Knowing he's mostly unknown to the masses, JIMMY reveals new layers of his own life once again, showing the work of his journey to this innate feeling of passing out freedom down the streets of America in the lyrics of tracks like "The Torch," "Good Thing," "Roots," "Monarch" and "Loved Ones." Tackling the cycles of generational trauma, poverty, pain, creative inspiration and world history on "The Torch," JIMMY delivers one of his most laser-focused and hungry verses over a beautifully fluid soul sample. Some one liners that standout on this one are "But how the nigga in the loafers talkin' street shit? Although I may not look it, I was born from it I've seen shit these niggas talk about in all they raps and they ain't seen shit!" or "I'm the product of two Gs/2Gs, so I'm trappin' off my phone."
The lead single "Loved Ones" puts JIMMY's deep relationship with his family members on full display with a self-produced visual that puts an image to a name. On "Good Thing" and "Monarch," we get a glimpse into JIMMY's journey through depression and transitioning from a "caterpillar to a butterfly," respectively. The performances on these tracks explore the brevity and level of vulnerability that can be traced back to it's roots of a certain Frank Ocean's discography. "Roots" is a snapshot of the past as JIMMY guides your tour through his hometown through the eyes of his younger self. "Looking like a baby [Allen] Iverson" and maneuvering through the heart of a not-so-safe city as a child who was into video games, playing little league football, skating to the park (but never the wrong ones alone) and eating liquor store Swiss Roll pastry treats like it was a delicacy, he paints a picture that resonates with Kendrick Lamar's character displayed on good kid, M.A.A.D City and is equal parts inspired directly by it.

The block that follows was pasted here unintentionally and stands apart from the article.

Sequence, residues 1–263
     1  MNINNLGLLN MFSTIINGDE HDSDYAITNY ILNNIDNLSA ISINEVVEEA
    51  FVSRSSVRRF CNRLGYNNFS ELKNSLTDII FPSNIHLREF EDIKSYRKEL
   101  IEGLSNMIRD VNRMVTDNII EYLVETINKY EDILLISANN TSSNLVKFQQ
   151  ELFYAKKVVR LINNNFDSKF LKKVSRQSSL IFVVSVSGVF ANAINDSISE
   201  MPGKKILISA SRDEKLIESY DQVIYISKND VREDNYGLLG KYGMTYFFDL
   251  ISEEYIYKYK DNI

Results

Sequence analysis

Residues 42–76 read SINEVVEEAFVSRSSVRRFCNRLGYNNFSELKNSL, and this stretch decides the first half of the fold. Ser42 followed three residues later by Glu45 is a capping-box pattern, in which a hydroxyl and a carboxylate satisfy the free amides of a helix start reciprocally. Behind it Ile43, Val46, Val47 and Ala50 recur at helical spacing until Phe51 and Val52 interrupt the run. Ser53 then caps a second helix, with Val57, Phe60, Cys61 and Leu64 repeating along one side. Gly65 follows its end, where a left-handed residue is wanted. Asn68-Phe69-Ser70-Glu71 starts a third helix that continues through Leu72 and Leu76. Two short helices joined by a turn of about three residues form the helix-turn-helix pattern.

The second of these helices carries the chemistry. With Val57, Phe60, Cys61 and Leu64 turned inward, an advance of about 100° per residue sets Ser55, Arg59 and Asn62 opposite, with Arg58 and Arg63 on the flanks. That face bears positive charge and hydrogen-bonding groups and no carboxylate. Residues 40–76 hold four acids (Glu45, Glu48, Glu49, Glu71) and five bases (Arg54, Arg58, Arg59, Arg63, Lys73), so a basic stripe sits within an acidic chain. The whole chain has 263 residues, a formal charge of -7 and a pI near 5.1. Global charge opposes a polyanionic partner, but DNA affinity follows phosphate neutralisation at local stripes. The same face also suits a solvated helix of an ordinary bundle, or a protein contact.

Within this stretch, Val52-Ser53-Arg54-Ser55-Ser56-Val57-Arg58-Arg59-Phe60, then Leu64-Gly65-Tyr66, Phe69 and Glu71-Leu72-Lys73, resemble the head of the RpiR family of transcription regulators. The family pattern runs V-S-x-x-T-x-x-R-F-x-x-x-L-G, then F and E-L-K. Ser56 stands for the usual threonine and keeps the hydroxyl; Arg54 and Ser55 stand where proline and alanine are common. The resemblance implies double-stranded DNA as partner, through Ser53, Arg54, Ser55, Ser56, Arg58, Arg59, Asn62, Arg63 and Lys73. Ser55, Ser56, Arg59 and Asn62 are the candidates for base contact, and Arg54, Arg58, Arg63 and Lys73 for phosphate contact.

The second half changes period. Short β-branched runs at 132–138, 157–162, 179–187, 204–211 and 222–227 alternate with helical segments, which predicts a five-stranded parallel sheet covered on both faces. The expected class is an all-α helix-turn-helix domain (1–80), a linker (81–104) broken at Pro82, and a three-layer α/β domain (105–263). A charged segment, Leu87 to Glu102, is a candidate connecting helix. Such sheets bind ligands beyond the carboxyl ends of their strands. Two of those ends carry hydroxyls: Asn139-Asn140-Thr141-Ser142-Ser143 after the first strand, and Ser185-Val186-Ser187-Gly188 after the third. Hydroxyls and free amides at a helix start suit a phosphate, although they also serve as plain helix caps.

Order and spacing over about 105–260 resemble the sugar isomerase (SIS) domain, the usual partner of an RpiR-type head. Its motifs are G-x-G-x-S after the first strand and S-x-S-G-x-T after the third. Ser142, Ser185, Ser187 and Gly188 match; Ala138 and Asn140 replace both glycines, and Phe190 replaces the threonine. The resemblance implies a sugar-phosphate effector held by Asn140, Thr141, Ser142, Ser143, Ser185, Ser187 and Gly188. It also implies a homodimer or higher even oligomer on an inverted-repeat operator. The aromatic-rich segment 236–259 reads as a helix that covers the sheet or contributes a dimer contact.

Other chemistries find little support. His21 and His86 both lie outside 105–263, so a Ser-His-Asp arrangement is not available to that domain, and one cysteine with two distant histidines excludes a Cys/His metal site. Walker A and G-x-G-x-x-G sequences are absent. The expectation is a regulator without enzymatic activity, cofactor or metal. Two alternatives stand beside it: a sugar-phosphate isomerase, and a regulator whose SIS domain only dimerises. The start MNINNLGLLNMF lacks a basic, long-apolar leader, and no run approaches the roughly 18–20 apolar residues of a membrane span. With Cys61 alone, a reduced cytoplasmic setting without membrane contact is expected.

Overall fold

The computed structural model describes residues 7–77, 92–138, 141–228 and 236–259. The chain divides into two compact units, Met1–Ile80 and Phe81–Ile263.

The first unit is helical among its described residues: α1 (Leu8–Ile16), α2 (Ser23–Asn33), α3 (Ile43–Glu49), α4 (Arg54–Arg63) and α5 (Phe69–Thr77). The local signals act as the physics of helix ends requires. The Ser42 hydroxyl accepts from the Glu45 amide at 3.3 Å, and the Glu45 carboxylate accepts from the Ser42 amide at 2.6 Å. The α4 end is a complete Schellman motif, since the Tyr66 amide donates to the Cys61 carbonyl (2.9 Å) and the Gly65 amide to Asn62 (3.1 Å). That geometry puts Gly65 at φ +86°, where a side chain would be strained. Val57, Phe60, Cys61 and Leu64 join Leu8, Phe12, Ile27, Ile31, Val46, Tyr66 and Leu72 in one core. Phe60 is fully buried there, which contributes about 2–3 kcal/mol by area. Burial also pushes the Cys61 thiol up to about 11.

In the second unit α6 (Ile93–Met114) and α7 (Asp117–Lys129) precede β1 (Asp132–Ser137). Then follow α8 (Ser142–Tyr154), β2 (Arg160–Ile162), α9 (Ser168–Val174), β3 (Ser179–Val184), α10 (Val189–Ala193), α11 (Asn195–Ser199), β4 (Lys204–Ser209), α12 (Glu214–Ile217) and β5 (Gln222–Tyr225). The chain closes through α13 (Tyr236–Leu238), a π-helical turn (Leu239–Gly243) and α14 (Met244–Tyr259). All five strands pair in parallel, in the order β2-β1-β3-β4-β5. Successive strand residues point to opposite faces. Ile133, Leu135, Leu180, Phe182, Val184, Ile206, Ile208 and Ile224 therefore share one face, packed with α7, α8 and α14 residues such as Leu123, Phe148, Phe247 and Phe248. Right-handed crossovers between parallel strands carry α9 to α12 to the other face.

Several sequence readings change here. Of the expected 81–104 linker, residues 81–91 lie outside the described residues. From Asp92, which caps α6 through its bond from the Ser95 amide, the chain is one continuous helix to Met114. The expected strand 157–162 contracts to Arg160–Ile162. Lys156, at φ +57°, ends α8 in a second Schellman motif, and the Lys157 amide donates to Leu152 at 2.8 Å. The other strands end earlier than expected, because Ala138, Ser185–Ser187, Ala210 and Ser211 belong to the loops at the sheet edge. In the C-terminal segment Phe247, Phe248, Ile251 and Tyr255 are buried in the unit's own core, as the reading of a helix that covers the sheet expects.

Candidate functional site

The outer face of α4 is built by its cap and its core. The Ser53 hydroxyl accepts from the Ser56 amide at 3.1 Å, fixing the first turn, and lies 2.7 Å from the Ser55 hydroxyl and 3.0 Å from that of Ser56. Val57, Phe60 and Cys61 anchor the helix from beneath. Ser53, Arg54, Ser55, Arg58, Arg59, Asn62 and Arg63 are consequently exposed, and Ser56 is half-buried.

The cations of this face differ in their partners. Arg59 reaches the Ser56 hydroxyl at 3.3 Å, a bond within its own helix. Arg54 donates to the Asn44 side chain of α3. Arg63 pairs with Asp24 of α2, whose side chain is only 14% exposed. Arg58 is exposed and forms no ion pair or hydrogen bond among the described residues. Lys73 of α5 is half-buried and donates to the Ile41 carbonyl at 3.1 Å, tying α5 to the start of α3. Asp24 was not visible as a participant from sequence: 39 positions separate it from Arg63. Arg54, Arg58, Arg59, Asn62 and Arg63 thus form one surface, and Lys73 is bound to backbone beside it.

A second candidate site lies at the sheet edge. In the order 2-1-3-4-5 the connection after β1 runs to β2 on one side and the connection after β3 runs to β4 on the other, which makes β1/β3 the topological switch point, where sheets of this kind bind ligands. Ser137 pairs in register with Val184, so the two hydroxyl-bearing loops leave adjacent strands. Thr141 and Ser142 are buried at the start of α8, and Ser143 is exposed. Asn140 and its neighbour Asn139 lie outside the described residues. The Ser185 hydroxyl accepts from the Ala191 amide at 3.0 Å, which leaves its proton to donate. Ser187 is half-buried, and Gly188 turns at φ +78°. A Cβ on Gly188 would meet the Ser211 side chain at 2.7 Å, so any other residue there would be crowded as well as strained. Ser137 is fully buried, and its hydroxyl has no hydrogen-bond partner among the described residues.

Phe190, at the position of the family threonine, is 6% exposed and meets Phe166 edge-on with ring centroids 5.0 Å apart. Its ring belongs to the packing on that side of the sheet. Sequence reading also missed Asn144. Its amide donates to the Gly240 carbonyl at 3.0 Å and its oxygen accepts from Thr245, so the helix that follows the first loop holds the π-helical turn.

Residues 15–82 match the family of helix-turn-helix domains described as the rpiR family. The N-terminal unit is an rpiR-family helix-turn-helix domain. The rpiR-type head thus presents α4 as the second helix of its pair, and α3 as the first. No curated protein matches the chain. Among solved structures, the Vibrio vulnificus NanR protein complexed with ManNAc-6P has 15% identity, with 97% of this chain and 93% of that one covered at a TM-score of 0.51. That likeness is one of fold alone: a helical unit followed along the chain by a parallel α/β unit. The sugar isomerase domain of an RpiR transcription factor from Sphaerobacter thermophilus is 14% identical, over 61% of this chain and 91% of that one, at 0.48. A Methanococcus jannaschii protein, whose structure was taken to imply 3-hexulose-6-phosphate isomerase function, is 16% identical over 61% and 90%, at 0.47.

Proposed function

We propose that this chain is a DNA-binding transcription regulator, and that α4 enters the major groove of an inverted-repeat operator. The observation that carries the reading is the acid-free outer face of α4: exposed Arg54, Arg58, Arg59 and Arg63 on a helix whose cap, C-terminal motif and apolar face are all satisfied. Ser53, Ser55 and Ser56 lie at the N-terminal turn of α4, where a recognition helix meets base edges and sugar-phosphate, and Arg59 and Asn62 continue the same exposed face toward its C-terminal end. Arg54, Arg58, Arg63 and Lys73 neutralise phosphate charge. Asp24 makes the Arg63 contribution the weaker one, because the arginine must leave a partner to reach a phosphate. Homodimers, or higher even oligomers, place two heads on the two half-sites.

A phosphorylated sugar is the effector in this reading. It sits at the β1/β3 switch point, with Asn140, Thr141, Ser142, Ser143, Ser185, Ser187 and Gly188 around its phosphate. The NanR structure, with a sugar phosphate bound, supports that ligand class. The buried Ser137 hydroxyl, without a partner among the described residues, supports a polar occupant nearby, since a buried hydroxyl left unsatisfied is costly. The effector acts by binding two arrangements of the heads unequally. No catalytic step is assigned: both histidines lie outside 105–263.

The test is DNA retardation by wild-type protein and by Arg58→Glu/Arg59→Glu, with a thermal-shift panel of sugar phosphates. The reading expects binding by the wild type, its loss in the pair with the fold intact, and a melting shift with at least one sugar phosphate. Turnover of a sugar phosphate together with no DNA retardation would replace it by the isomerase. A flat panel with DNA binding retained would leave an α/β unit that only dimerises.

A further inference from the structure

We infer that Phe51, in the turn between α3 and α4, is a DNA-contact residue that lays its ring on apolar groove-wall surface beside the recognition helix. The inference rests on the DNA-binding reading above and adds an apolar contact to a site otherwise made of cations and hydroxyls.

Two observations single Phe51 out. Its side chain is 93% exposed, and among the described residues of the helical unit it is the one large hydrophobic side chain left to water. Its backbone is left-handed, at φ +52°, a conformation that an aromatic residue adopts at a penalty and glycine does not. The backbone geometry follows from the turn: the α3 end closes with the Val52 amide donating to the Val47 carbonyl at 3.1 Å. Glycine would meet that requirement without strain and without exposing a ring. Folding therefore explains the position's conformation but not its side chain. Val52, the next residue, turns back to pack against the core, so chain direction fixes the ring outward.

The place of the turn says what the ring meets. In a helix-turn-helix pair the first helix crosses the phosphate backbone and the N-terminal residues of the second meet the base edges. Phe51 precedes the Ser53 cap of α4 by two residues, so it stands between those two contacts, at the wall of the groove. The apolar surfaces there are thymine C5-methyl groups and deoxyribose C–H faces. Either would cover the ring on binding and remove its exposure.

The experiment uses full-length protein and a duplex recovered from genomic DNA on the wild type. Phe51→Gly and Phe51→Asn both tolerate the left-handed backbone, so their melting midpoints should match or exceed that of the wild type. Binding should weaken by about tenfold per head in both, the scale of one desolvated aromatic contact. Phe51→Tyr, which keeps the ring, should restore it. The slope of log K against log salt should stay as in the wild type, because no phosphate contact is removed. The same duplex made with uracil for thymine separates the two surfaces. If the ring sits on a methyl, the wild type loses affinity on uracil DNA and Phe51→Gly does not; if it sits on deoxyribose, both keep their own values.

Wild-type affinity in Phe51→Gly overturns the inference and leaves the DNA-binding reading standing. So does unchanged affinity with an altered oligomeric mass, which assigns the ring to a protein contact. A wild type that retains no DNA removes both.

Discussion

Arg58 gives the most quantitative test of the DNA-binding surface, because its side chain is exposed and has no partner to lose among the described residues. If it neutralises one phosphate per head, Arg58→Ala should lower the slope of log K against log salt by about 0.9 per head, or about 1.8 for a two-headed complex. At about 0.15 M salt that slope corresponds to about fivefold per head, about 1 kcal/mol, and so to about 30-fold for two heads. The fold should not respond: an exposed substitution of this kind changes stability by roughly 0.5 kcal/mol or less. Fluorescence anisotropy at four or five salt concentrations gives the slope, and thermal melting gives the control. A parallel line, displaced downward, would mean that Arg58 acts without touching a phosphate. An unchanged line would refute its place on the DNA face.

Do What Makes You Happy ironically also displays a darker more cynical side of Poindexter's view on America, the world and even himself as he believes to reach our happiness, "sometimes we have to go through the darkness." On "Superstar," JIMMY communicates a more surreal view of fame where he now resents it altogether. Despite reaching new heights and even gaining the attention of Jay Z's Roc Nation associates, he finds himself more concerned with the lack of funds and freedom he currently wields highlighting that maintaining fame is more difficult than gaining it. On the standout track "Save The Children," he delivers an electrifying singing performance voicing his disdain for greedy and apathetic attitudes found in the "higher up" positions of America. On the first half and chorus of track eleven "Don't Care," JIMMY strikes an almost playful, straightforward and deadpan delivery detailing his desire to have fun and live a comfortable lifestyle with an emphasis on simplification. He finds time on the second half of this track to poke the bear that is Hip Hop stating that as far as he's concerned, your top five artists aren't a threat to him.
On "When I'm Gone" and "Today," JIMMY questions his mortality and legacy. Following the upbeat feel-good track "End of the Night," these last two songs on the tracklist come off as a post-party existential crisis that end up being some of the most introspective and grounding tracks on the album. On "When I'm Gone," in reference to an older brother who survived a tragic black-on-black crime in which he was shot five times and legally pronounced dead on multiple occasions before pulling through, JIMMY raps "I asked my brother what the afterlife was like, he said 'dark.' There's your answer." On "Today," JIMMY sings "Do I really have to die to see your love for me? Would love to smell my flowers while I'm here, show love to me." Through it's many layers, Do What Makes You Happy is a reminder of this mortality and unpredictable fate we all share. It's also the drill sergeant yelling at you to jump out the plane trusting your instincts will kick in when they need to. As track thirteen, "Soarin'," places it: "You can do anything in the world, be anyone and go any where. You're one thought away from your destination."